Zelenskiy urges Russians to ‘go home’ as Ukraine continues offensive in south

  • “Ukraine takes back its people” – Zelenskiy
  • Russia says Ukraine suffered heavy losses
  • Ukrainian shelling knocks out power in Russian-held town – RIA
  • IAEA mission hopes to defuse tensions over nuclear power plants

MYKOLAIV, Ukraine/KYIV, Aug 30 (Reuters) – Ukrainian President Volodymyr Zelenskiy urged Russian troops to flee for their lives as his forces launched an offensive near the city of Kherson, saying the Ukrainian military was resuming its territory although Russia declared the aggression had failed.

Ukraine’s offensive in the south comes after weeks of stalemate in a war that has killed thousands, displaced millions, destroyed cities and sparked a global energy and food crisis amid economic sanctions unprecedented.

It has also fueled fears of a radioactive disaster triggered by the bombing of the Zaporizhzhia nuclear power plant in southern Ukraine, where Russian authorities reported artillery strikes near a nuclear storage building on Tuesday. spent fuel.

Join now for FREE unlimited access to Reuters.com

Zelenskiy, in his nightly speech on Monday evening, vowed that Ukrainian troops would pursue the Russian army “to the border”.

“If they want to survive, it’s time for the Russian army to flee. Go home,” he said.

“Ukraine is taking back its own,” Zelenskiy said.

Oleksiy Arestovych, a senior adviser to Zelenskiy, commenting on the offensive in the Kherson region, said the Russian defenses were “breakthrough within hours”.

Ukrainian forces were shelling ferries that Russia was using to supply a pocket of territory on the west bank of the Dnipro River in the Kherson region, he added.

The British Ministry of Defense said Ukrainian forces had stepped up artillery fire in the south and their long-range precision strikes were disrupting Russian resupplies.

Ukrainian public broadcaster Suspilne reported explosions in the Kherson region on Tuesday and residents of the city reported in social media posts gunfire and explosions, but said it was unclear who was shooting.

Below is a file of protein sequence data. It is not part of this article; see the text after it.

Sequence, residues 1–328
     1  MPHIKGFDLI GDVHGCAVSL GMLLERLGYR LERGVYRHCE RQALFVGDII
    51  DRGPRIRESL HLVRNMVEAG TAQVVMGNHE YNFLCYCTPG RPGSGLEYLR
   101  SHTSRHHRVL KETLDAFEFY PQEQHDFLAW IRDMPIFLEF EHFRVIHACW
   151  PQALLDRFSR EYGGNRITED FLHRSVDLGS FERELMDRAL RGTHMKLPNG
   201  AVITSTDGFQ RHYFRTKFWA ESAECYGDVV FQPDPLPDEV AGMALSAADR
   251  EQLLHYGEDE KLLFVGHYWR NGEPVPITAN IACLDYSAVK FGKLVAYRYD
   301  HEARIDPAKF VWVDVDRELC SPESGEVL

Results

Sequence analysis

Ukraine’s military headquarters, in a Tuesday morning update, reported clashes in various parts of the country but gave no information on the Kherson offensive.


The Russian Defense Ministry said Ukrainian troops attempted an offensive in the Mykolaiv and Kherson regions but suffered heavy casualties, the RIA news agency reported.

“The enemy’s offensive attempt failed miserably,” he said.

But a Ukrainian barrage of rockets left the Russian-occupied town of Nova Kakhovka without water or electricity, officials from the Russian-appointed authority told the RIA news agency.

Reuters could not verify reports from the battlefield.

The Russian bombardment of the port city of Mykolaiv, which remained in Ukrainian hands despite repeated Russian shelling, left at least two people dead, injured some 24 people and destroyed homes, city officials and witnesses said on Monday. .

A Reuters correspondent reported that a strike hit a family home right next to a school, killing a woman. Read more

The owner of the property, Olexandr Shulga, said he had lived there all his life and his wife died when she was buried in the rubble. “He hit and the shock wave came. He destroyed everything,” he said.

Russia invaded Ukraine on February 24 to conduct what it says is a “special military operation” to rid Ukraine of nationalists and protect Russian-speaking communities. Ukraine and its allies describe it as an unprovoked war of aggression.

The conflict, the biggest attack on a European state since 1945, has largely turned into a war of attrition, mainly in the south and east, marked by artillery bombardment and airstrikes. Russia captured whole swaths of the south early on.


The Zaporizhzhia nuclear power plant in southern Ukraine, captured by Russian troops in March but still manned by Ukrainian personnel, has been a hot spot in the conflict, with both sides blaming each other for shelling in the vicinity.

Russian-installed authorities accused Ukrainian troops of firing two shells that exploded near a spent fuel storage building at the plant, TASS news agency reported. There was no immediate comment from the Ukrainian side.

A mission from the International Atomic Energy Agency (IAEA) is heading to the facility, Europe’s largest nuclear power plant, and is expected later this week to inspect and assess any damage.

Led by IAEA chief Rafael Grossi, the mission will assess working conditions and check safety and security systems, the Vienna-based organization said.

It “will also carry out urgent safeguards activities”, a reference to the tracking of nuclear materials.

Map locating the Zaporizhzhia nuclear power plant with Russian-occupied Ukrainian territory

A senior Russian diplomat said Moscow hoped the mission would dispel misconceptions about the plant’s allegedly poor condition. Read more

The Kremlin said the IAEA mission was “necessary” and urged the international community to pressure Ukraine to reduce military tension at the plant. The mission must do its job in a politically neutral way, the Russian Foreign Ministry said.

The United Nations, United States and Ukraine have called for the withdrawal of military equipment and personnel from the complex to ensure it is not a target. Read more

The Kremlin has ruled out abandoning the site.

Join now for FREE unlimited access to Reuters.com

Reports from Reuters offices; Written by Himani Sarkar; Editing by Robert Birsel

Our standards: The Thomson Reuters Trust Principles.

Leave a Comment